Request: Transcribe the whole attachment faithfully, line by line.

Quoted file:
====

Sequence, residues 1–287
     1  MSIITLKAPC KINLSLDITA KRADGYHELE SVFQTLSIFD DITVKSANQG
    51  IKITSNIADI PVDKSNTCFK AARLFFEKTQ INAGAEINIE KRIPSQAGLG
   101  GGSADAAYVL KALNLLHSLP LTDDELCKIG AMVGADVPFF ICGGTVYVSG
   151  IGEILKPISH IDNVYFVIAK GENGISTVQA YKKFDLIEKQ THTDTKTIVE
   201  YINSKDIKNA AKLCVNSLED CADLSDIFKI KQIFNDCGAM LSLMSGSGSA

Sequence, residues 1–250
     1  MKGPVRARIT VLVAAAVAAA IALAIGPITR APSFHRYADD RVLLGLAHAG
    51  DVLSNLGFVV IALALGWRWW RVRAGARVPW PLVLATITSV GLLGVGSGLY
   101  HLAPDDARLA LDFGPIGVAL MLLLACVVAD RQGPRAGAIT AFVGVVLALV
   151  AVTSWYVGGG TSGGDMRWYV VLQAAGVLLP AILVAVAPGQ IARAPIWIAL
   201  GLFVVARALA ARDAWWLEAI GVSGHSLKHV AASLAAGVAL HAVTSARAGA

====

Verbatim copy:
Sequence, residues 1–287
     1  MSIITLKAPC KINLSLDITA KRADGYHELE SVFQTLSIFD DITVKSANQG
    51  IKITSNIADI PVDKSNTCFK AARLFFEKTQ INAGAEINIE KRIPSQAGLG
   101  GGSADAAYVL KALNLLHSLP LTDDELCKIG AMVGADVPFF ICGGTVYVSG
   151  IGEILKPISH IDNVYFVIAK GENGISTVQA YKKFDLIEKQ THTDTKTIVE
   201  YINSKDIKNA AKLCVNSLED CADLSDIFKI KQIFNDCGAM LSLMSGSGSA

Sequence, residues 1–250
     1  MKGPVRARIT VLVAAAVAAA IALAIGPITR APSFHRYADD RVLLGLAHAG
    51  DVLSNLGFVV IALALGWRWW RVRAGARVPW PLVLATITSV GLLGVGSGLY
   101  HLAPDDARLA LDFGPIGVAL MLLLACVVAD RQGPRAGAIT AFVGVVLALV
   151  AVTSWYVGGG TSGGDMRWYV VLQAAGVLLP AILVAVAPGQ IARAPIWIAL
   201  GLFVVARALA ARDAWWLEAI GVSGHSLKHV AASLAAGVAL HAVTSARAGA